The Labour Party’s leaked election manifesto confirms its pledge to “implement the recommendations” made in part one of the Leveson Inquiry into the press and begin part two of the inquiry.
In the document, which was leaked to a number of news organisations yesterday, the party claims phone hacking victims have been “let down by a Conservative government that promised them justice, but failed to follow through”.
It said: “We will implement the recommendations of part one of the Leveson Inquiry and commence part two of the inquiry that will look into the corporate governance failures that allowed the hacking scandal to occur.” href="https://meed.com/
The party also raised “concerns” about newspaper closures and job losses in the local press – which it said was “an important part of our democracy and culture” – and promised a “national review into local media”.
Labour has previously voiced its support for starting Leveson part two, which will examine wrongdoing in the press and the police, and enforcing Section 40 of the Crime and Courts Act.
Under Section 40, news media organisations not signed up to a Royal Charter press regulator would be forced to pay court costs for both sides, even if they win.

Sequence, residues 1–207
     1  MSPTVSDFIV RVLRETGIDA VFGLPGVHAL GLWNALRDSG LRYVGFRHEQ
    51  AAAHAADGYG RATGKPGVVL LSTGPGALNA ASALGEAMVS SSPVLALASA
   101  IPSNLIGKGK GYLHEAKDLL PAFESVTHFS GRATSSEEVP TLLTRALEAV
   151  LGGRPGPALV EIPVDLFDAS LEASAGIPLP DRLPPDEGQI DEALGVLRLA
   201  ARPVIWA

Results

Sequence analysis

Currently only alternative press regulator Impress has gained Royal Charter recognition after the Independent Press Standards Organisation (IPSO), which regulates the majority of UK news publishers, refused to sign up.
The government is currently reviewing feedback from a public consultation, which closed in January, on whether it should implement Section 40 and commence part two of the Leveson inquiry.
The consultation laid out four options for Section 40, including keeping the law under review, repealing it, fully commencing it or partially commencing it.
Partial commencement would give added protections to Royal Charter recognised publishers, but forego the penalties for those not signed up.
Press Gazette has asked for clarification from Labour over whether its support for Section 40 includes enforcing cost penalties for news publishers not regulated by Royal Charter.
Labour’s manifesto also revealed its stance on the BBC, which it declared a “national asset which we should all be proud of”.
It said: “Unlike the Conservatives, Labour will always support [the BBC] and uphold its independence. We will ensure the BBC and public service broadcasting has a healthy future.
On Channel 4, the party said: “Labour is committed to keeping Channel 4 in public ownership and will guarantee the future of Welsh-language broadcaster S4C.”
Picture: Reuters/Phil Noble